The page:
Motor v-belt pulley issue/question

I heard a strange rattling/rumbling noise inside my 219os. Opened it up and added oil to the motor thinking that may just be it but it didn’t help. Then with the base open noticed that the pulley was bumping around. I took it off and the motor spins fine. I’d never had reason to remove any of those parts and was totally unfamiliar with how the motor actually spun the ink drum. I’ve had discussions with Fritz and Dave Seat about some potential issues with the chain and idler actually running the drum, but this issue is at the source.

From what I can tell/understand, the way my motor is rigged, it has a shaft that has a flat edge on it which rotates. Attached to this is a pulley with a bushing in the middle. There is a hex set screw which runs through the pulley and the bushing and I’m assuming against the motor’s shaft. It seemed loose. Maybe the set screw had worn down, or worked itself out.

When I took the pulley off, the motor spun perfectly. When I reattached the pulley and tightened the set-screw, it spins smoothly and the pulley stayed tight. But when I put the v-belt back on the pulley then put it back on the motor and tightened the set-screw, it started rumbling again and seems to somehow work loose.

Am I not tightening the set-screw enough? Is it a question of the alignment on the shaft of the pulley with the gear the v-belt is attached to? Could the bushing wear out? Is this a normal way for these presses to be set up? Any thoughts on what could be wrong, and how to right it? I don’t think any of these are original parts, but something put together when the press was refurbished. There seems to be a lack of information about how the 219os was originally set up.


I’m attaching some pictures. The first picture is the motor and the bare shaft. You can see where the set-screw was pressed against the shaft. I didn’t notice if there was much of a mark when I took it off, or if this is brand new from me tightening the set screw and having the shaft fight it.
The second photo is of the pulley, you can see the set screw on top, and the bushing that was inside the pulley is setting next to it.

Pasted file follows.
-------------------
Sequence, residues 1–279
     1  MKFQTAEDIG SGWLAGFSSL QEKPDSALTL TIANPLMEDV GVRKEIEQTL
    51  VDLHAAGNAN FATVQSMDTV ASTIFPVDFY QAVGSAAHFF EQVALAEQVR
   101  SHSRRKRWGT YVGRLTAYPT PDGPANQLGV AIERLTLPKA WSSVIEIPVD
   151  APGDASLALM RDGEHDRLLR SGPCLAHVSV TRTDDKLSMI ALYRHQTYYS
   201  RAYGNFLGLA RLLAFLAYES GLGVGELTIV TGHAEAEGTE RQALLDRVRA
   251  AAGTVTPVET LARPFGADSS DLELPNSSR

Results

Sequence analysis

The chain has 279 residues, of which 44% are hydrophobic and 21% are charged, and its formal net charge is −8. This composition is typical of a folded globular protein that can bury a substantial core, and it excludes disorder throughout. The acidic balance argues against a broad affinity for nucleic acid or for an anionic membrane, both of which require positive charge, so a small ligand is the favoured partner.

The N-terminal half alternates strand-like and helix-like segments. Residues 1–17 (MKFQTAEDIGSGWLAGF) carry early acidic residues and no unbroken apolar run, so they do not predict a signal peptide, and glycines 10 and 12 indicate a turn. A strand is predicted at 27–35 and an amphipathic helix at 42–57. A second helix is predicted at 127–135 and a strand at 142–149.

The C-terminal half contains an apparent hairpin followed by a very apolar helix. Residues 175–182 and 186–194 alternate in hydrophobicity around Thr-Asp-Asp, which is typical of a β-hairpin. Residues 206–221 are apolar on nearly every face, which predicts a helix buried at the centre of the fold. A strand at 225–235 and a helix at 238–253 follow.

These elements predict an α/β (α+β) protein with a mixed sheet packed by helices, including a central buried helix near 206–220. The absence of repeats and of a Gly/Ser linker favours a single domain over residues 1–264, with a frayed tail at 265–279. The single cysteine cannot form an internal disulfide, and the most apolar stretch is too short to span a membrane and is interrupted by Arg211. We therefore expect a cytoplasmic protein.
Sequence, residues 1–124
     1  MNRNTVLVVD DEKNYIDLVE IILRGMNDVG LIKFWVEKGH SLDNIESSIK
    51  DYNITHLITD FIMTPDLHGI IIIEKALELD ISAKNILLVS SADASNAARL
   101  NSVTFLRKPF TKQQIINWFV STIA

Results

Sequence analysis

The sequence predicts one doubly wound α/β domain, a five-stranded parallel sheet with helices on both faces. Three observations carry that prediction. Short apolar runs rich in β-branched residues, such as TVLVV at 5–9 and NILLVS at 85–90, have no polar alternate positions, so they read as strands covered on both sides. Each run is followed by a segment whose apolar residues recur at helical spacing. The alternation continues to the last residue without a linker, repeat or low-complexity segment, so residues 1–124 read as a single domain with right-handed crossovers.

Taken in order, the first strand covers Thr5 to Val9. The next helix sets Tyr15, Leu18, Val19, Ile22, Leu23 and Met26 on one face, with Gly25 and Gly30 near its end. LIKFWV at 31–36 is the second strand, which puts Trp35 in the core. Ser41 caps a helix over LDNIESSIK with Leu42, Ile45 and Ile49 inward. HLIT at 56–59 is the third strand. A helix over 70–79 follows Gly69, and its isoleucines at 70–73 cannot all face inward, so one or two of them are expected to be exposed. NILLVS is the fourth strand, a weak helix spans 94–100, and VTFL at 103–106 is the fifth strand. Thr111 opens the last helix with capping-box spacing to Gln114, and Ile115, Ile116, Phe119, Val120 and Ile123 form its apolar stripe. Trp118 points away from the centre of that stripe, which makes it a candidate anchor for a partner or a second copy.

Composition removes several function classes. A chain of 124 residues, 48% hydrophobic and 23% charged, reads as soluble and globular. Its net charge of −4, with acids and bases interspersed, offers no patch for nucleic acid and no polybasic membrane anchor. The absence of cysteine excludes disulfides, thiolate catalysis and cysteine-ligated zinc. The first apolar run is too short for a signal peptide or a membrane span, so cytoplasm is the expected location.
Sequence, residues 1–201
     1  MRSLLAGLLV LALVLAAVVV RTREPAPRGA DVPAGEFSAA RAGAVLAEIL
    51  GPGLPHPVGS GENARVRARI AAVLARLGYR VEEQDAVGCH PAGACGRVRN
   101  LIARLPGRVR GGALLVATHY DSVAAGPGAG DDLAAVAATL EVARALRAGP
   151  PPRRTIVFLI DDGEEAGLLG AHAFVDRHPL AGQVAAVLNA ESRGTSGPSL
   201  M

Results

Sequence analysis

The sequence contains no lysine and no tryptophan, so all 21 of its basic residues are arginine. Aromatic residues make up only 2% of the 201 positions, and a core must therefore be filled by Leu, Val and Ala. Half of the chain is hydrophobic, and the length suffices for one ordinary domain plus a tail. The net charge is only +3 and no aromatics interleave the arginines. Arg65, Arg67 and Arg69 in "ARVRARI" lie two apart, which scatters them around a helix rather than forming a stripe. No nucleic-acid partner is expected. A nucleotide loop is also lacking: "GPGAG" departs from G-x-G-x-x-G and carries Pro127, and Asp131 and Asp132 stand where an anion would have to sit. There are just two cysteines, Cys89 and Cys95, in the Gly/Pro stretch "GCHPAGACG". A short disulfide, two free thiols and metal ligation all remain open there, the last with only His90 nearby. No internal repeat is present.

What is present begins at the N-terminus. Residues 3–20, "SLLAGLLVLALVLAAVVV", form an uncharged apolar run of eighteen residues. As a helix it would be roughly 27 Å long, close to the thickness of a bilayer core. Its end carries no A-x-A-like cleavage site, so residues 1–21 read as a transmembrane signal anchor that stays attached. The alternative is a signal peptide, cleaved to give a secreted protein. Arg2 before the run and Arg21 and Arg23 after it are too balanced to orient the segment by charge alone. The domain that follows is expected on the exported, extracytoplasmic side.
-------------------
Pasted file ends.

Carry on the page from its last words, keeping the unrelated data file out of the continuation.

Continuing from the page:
The third photo is the pulley with the bushing in it, you can see the set screw sticking out and at the bottom, the allen wrench.

The last photo is not very sharp but is the set screw.

Any thought/suggestions/advice/etc is, as always, much appreciated.





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Eric Holub
11 years ago

I’ve seen several old style 219s, and all had direct drive by flat belt and single pulley, no reducer.
[Retraction: I was just going from memory, and now realize that I am projecting the situation of one particular press onto the others seen. That press did not have original motor and fittings, and was a fairly slow rpm motor. And even so, since the drum remains chain driven, there is some sort of trasition from belt to chain, and maybe it is a reducer. I can also picture one press with an original motor that had a large diameter v-belt pulley.]

John Henry
11 years ago

We had two of the later model 219 presses which were scrapped several years ago for lack of a buyer. I wish we had them for sale today!

Anyway, I did keep some parts, and have the gear reducer unit which reduces the higher speed motor to the correct speed for running the ink drum. If that unit would be of any use to you, we should talk. I don’t know if the earlier models came thus equipped, or just depended on the belt pulley sizes to correct the speed.

John Henry

Fritz Klinke
11 years ago

This is most likely not the original motor. The sleeve appears to be a solid type and the set screw has to fit in the hole on the sleeve to reach the motor shaft. Ideally, the motor shaft should be sized to the pulley shaft, and then the keyway in the pulley would match a corresponding keyway on the motor shaft and a key keeps the notor shaft and pulley together and the set screw keeps the pulley from working off the motor shaft. The better way to do this is to use a split sleeve bushing that allows the set screw to reach the motor shaft without having to align a hole in the bushing, but this kind of set up is doomed to contant retightening as all that keeps the pulley going is the set screw and it is under too much stress.

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